Client states sometimes show more resilience than expected—the Soviet withdrawal did not lead to the immediate end of President Mohammad Najibullah’s government. However, without U.S. troops, Afghanistan today would likely fragment and return to its natural condition, a land ruled at the village and valley level. Negotiations might create a formal national government to occupy the nation’s UN seat, but a stable, liberal, Westminster-style democracy allied with the West is a fantasy.
An enormous amount of money has been squandered on this mad attempt to promote democracy in Central Asia. Worse, U.S. military personnel, military contractors, and civilian staff have died for little reason other than protecting the reputations and ambitions of successive presidents. This is a scandalous misuse of America’s military.
Why is all of this being done? Until 2001, Washington had little interest or influence in Afghanistan. Why is Central Asia supposedly vital today?
Terrorism remains the favorite bugaboo. Newly installed U.S. commander General Austin “Scott” Miller opined: “This is about protecting U.S. citizens, when you go right to the heart of the issue.” His predecessor, General John Nicholson said: “We either keep the pressure on them here, or they bring the fight to our doorstep.” Senator Lindsey Graham argued that “Last time we ignored Afghanistan we got 9/11.”
However, Afghanistan is irrelevant to terrorists. Bin Laden’s grievances were unrelated to Afghanistan. After the U.S. invaded, he moved to Pakistan. September 11 was primarily planned by Khalid Sheikh Muhammed, who variously lived and fought in Kuwait, Bosnia, Qatar, and Pakistan—where he was captured. (In fact, he refused a request by bin Laden to move to Afghanistan.)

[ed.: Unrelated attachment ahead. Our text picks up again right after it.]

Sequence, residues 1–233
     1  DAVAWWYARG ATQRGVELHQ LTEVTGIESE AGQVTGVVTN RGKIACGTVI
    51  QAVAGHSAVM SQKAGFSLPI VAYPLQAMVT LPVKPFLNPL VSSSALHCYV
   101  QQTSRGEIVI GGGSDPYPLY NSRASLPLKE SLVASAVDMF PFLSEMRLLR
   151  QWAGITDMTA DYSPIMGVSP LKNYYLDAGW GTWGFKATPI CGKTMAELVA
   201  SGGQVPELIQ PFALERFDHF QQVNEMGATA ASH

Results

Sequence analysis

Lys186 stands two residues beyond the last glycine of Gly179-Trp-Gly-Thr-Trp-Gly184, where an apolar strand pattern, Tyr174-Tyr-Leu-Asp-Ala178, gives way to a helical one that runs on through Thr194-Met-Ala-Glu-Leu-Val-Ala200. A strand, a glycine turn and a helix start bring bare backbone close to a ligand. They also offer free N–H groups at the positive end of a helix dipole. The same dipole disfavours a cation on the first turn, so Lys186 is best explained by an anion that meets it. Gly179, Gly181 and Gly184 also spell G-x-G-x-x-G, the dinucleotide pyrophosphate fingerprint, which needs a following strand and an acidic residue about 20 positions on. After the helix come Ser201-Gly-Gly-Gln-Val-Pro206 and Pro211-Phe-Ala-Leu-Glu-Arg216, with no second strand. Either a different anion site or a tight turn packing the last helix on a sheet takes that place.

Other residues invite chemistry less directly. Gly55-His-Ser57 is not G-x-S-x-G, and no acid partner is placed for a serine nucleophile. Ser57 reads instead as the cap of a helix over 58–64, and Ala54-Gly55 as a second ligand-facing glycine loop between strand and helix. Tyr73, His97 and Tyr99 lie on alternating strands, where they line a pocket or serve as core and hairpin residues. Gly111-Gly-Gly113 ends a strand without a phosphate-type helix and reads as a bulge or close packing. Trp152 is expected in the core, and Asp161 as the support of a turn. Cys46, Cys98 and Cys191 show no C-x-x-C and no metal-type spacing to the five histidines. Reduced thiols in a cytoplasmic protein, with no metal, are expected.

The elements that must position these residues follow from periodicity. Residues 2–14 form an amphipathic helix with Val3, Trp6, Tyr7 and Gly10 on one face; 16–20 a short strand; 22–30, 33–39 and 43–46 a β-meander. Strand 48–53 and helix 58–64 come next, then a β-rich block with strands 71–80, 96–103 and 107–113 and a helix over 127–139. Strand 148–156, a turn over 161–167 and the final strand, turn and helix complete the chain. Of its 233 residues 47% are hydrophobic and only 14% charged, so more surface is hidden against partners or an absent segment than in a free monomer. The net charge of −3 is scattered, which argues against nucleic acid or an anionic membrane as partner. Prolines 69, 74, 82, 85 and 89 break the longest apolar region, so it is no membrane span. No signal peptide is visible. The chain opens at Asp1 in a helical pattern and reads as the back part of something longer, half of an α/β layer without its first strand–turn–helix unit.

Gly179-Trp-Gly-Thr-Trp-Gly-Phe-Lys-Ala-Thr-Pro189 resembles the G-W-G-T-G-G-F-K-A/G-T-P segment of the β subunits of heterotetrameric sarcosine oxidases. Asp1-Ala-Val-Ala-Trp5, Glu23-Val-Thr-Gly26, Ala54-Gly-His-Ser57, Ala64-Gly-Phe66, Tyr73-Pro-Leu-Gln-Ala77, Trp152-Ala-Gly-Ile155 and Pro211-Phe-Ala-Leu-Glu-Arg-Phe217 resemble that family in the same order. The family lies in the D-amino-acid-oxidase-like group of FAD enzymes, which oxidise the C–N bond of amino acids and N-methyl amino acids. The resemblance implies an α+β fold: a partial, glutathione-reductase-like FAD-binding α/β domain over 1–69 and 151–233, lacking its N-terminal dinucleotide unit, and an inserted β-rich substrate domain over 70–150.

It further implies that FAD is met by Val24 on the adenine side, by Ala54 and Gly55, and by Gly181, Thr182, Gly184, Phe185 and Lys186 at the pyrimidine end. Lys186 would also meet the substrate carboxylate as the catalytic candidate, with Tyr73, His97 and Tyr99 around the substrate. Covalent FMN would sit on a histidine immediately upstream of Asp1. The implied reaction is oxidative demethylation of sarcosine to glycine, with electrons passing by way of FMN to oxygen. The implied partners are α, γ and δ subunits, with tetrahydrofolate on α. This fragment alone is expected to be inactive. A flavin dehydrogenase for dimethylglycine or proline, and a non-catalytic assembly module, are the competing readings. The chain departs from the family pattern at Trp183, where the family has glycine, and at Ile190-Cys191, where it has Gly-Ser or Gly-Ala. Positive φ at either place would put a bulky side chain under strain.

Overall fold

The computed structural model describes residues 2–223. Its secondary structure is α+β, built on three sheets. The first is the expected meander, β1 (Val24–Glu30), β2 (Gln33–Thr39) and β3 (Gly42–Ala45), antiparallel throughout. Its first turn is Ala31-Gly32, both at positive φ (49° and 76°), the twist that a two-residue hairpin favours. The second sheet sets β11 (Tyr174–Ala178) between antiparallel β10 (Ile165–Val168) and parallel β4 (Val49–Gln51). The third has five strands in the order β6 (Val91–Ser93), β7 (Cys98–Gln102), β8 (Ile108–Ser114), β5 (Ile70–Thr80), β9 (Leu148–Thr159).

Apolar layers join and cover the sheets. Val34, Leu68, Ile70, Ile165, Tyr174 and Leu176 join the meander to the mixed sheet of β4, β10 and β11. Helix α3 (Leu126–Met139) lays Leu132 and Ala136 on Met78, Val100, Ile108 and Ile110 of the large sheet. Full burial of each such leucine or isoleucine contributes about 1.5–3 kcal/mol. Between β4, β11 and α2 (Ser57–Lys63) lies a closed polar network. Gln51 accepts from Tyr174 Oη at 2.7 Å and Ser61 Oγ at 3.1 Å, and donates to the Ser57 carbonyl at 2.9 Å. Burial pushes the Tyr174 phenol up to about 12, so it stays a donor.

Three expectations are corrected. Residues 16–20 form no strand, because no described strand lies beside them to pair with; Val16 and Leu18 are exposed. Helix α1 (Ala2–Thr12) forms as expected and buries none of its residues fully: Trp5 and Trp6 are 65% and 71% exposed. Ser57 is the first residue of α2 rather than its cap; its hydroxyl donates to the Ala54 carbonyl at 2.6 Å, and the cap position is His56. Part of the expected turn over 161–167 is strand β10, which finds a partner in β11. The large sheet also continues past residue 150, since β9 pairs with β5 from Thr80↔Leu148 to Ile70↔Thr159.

Even when 140,000 allied troops occupied Afghanistan, much of that country was beyond the control of Washington or Kabul. If the Taliban was in control it would not be likely to invite back the movement whose activities triggered its ouster almost two decades ago. Nor would the Taliban be sailing for the New World: it wants to govern the territory for which it has been fighting for years.
Defense Secretary Jim Mattis argued that the administration hoped to “strengthen the Afghan security forces enough to convince the insurgents that they cannot win on the battlefield, driving them to choose reconciliation.” Alas, after nearly 17 years, the Afghans appear no closer to convincing the insurgents to quit. Mattis said “We’re not there to stay forever,” but it sure looks that way. The Pentagon soon will be deploying those born after 9/11 into Afghanistan.
Of course, it would be desirable to defeat the Taliban and establish a liberal republic. But that is more preference than interest, and certainly not worth additional American lives and money. If more than 110,000 U.S. and 30,000 allied troops couldn’t achieve victory in 2011, roughly 15,000 U.S. and 7,000 allied personnel won’t win today.
Some analysts want to stabilize Pakistan. But the best way to do that would be to end the war. Whatever the convenience of possessing a couple airfields in Central Asia, their price in blood and dollars is too high.